Data provider:

Icon data provider

The National Agricultural Library is one of four national libraries of the United States, with locations in Beltsville, Maryland and Washington, D.C. It houses one of the world's largest and most accessible agricultural information collections and serves as the nexus for a national network of state land-grant and U.S. Department of Agriculture field libraries. In fiscal year 2011 (Oct 2010 through Sept 2011) NAL delivered more than 100 million direct customer service transactions.

Journal Article

Journal article

Color the food naturally  [1981]

Francis, F.J.;

استعراض النص الكامل

Food colorants are available from natural sources, but technological problems such as cost, instability, availability, and FDA standardization and characterization requirements limit their applications. Anthocyanins produce red and blue colors in fruits. In addition to supply and cost limitations, pigment extraction produces polymers which cannot be chemically defined, and therefore cannot be approved as colorants by the FDA. Since all anthocyanin extracts contain yellow pigments (flavonoids), tannins and cathechins, costly purification of crude pigment extracts is also necessary. Betacyanins are natural red pigments found in beets, but their addition to foods causes flavor problems. Pigment preparations concentrated by new processing methods would require new food additive petitions to the FDA. Both anthocyanins and betacyanins are less chemically stable, and more expensive, than F.D.E.C. food colorants. Carotenoids which are structurally identical to their naturally-occurring counterparts have been synthesized and used as colorants; their purity and safety can be controlled. Other natural extracts include annato, paprika, turmeric, saffron and cochineal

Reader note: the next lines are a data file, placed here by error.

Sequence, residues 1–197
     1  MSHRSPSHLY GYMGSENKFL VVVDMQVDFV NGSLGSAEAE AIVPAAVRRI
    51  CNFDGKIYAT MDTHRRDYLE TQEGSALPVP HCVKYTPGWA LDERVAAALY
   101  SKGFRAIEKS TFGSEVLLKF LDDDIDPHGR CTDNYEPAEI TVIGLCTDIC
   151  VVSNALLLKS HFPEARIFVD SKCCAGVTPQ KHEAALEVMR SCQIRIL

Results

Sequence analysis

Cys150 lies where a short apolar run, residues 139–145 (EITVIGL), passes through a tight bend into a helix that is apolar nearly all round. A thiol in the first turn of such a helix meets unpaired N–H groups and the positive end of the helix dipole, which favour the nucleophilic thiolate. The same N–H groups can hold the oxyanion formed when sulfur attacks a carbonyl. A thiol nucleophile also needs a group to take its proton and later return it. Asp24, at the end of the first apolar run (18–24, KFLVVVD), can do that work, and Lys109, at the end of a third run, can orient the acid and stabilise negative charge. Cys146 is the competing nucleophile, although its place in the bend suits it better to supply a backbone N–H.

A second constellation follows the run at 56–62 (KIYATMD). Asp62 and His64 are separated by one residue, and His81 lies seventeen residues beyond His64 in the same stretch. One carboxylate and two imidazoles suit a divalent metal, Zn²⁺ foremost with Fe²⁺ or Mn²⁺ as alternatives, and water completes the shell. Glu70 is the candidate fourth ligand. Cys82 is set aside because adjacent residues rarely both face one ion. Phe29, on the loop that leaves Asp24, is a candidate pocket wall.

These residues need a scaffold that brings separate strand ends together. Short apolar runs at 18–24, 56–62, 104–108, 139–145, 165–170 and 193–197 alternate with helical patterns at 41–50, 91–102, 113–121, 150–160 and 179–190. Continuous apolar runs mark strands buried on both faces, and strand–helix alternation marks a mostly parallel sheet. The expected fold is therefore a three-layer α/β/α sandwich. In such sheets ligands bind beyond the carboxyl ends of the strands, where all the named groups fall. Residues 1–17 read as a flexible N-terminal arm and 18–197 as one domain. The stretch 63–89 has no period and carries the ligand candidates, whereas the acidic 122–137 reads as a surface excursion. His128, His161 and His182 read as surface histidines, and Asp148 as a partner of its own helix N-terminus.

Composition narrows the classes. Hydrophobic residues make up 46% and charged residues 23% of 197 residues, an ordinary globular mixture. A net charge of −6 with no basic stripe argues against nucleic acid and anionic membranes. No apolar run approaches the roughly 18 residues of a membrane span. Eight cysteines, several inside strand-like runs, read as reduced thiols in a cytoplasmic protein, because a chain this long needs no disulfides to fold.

Professional Nutritionist (USA)